Not so long ago, few people had even heard of an innovation hub. “We didn’t have a clue, really, what it meant,” says Palm Springs Mayor Steve Pougnet. “There was no money and there was no federal program.”
In 2011, the Coachella Valley iHub launched as a business incubator with the goals of diversifying the region’s economy and creating demand for higher-skilled, higher-wage professionals. Today, 22 fledgling enterprises operate in the program, and several have advanced from the iHub to the nearby Palm Springs Accelerator Campus, which accommodates research and development as well as light manufacturing. “We invested money when times were tough, and now we’re starting to see the fruits of our labor,” Pougnet says.
The Coachella Valley Economic Partnership operates the iHub and the Accelerator Campus in Palm Springs, as well as workforce and small business development offices in Palm Desert and Indio, respectively.
One iHub entrepreneur, Indy Power Systems CEO Steve Tolen, could have taken his startup to Northern California’s Silicon Valley but instead chose the Coachella Valley. “The Coachella Valley iHub will give you a helping hand and advice that you can trust,” he says. “Silicon Valley is more into cherry-picking companies and concepts that are hot.”
Tolen’s firm is one of about a dozen “virtual companies” operating out of the iHub. “We’re not physically located there all the time, but when we do come to the Palm Springs area, or California in general, we stop in and I have meetings and consult with people,” Tolen says.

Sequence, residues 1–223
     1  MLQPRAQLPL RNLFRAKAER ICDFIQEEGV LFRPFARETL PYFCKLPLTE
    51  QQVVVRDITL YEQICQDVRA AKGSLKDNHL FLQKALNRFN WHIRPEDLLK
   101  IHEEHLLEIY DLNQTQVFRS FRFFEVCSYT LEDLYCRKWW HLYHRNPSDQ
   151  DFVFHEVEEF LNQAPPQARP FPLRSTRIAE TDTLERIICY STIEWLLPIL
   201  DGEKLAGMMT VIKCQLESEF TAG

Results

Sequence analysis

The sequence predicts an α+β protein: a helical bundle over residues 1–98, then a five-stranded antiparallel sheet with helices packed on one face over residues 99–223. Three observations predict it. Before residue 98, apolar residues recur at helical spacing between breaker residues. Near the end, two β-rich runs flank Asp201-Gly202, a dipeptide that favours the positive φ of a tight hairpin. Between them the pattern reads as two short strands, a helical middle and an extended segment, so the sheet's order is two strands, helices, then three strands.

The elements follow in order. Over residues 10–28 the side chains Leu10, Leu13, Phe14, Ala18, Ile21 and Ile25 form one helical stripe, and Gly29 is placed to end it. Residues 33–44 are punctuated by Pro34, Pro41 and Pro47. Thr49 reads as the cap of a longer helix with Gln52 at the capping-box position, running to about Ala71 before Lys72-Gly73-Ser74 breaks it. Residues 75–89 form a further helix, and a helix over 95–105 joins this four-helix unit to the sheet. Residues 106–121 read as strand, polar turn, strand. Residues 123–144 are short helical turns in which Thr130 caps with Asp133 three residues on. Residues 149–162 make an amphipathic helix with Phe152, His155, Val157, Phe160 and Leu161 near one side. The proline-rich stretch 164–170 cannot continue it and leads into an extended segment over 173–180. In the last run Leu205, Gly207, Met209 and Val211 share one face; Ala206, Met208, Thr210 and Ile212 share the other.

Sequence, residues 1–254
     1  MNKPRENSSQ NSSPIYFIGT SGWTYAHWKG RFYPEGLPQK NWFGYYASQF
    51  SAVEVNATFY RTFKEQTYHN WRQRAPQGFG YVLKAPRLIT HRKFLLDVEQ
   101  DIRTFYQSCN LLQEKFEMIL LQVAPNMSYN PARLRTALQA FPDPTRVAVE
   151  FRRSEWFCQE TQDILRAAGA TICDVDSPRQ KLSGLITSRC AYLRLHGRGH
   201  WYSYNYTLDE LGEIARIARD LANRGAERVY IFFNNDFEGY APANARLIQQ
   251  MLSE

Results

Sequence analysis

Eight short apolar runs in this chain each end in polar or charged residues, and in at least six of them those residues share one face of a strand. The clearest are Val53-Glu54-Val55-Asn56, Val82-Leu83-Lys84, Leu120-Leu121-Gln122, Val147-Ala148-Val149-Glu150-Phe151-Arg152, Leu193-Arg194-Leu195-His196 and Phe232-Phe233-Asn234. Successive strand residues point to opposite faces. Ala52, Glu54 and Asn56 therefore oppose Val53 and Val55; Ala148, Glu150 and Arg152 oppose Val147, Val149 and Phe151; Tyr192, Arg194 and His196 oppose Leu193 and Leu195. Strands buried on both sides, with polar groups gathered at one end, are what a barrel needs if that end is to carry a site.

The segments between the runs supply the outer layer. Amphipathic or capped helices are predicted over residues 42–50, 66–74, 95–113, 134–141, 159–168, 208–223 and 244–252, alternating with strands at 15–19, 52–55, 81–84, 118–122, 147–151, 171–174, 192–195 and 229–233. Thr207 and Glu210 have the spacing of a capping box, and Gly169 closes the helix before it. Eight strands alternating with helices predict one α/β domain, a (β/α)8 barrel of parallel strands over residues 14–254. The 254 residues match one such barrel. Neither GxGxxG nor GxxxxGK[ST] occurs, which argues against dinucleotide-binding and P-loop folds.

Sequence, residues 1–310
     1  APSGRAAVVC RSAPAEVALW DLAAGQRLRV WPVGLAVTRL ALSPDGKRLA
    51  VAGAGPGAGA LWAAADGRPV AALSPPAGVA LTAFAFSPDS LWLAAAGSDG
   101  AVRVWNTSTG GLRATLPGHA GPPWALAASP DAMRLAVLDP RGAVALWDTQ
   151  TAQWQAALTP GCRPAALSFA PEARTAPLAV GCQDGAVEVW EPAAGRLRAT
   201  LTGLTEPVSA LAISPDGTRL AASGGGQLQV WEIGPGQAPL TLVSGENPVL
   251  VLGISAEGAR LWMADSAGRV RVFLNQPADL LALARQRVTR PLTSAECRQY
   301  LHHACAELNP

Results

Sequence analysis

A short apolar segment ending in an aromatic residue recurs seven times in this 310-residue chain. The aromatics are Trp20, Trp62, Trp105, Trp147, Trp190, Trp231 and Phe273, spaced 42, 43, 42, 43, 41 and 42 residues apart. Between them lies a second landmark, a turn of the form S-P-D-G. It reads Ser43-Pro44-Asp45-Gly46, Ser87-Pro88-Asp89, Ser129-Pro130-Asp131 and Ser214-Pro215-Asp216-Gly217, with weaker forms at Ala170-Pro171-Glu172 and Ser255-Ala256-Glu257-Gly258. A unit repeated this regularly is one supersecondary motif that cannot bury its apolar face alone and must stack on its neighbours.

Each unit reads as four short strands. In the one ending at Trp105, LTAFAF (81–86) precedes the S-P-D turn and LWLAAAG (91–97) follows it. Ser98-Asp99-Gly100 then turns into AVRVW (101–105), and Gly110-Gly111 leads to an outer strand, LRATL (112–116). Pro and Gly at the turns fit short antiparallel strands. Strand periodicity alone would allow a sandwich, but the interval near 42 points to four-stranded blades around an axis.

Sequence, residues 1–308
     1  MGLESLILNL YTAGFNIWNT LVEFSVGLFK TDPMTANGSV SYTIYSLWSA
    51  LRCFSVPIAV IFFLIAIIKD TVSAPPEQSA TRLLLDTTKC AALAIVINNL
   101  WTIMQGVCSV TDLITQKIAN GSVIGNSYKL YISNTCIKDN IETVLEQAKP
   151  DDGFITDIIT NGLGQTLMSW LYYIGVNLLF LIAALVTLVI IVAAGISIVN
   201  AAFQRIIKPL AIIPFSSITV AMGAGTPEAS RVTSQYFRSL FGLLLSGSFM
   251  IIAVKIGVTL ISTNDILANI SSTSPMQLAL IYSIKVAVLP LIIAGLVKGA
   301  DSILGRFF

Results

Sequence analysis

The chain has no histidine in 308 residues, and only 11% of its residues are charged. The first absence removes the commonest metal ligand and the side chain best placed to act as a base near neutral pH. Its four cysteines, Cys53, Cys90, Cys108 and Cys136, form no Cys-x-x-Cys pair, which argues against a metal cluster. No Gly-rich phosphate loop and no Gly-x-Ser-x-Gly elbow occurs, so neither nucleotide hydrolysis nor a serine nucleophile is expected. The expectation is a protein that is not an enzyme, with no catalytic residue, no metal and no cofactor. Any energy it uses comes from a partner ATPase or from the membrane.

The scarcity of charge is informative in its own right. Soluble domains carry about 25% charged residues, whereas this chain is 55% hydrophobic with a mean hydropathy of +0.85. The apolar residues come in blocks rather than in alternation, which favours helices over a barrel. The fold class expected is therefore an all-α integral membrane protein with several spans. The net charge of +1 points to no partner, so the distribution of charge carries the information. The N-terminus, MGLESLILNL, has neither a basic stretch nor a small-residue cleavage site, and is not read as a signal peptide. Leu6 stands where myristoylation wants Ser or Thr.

The company manufactures an energy management component called a micro-grid that helps businesses optimize the efficiency of their electrical use. Tolen hopes to relocate Indianapolis, Indiana–based Indy Power Systems to California in the near future. “It didn’t take much to recruit us to come out there,” he says. “California has a lot of renewable energy projects. It’s going to be a good start for us.”
EV Enterprises, which manufactures electric vehicle microelectronics, operates at the iHub’s Palm Springs Accelerator Campus, a 43,000-square-foot facility in a Foreign Trade Zone adjacent to Palm Springs International Airport. Its sales grew from $60,000 in EV’s first year to $300,000 in the second. The firm’s president, Bill Schlanger, projected the company “could definitely be in the tens of millions” in three years. The company’s staff has grown from two to four, but Schlanger forecasts as many as 30 employees by year’s end.
Of the iHub, he says, “It’s a great place to start your business. There’s a lot of resources available, a lot of guidance, a lot of encouragement. There is introduction to capital and all kinds of expertise. The facilities themselves are top-notch. There are a lot of other entrepreneurs around who have had experiences that you can share.”
Joe Wallace, the iHub’s managing director and CVEP’s chief innovation officer, says the resident firms often partner with each other. “There will be 12 to 20 companies there at any given time, so they get to know each other and all of these companies could actually be suppliers to one another, too,” Wallace says.
EV Enterprises has a contract with neighbor Solaris Power Cells, which manufactures solar-powered golf carts. “We’ve collaborated with another company, Post Modern, that’s making computer kiosks, and we’ve made some electronics for them,” Schlanger says.
Not all iHub businesses are high-tech. Sonia Kanner manufactures an attractive and sleek alternative to the dowdy fanny pack called hipS-sister. She still lives in San Diego, where she launched the business, but she moved her offices and distribution center to the Palm Springs Accelerator Campus.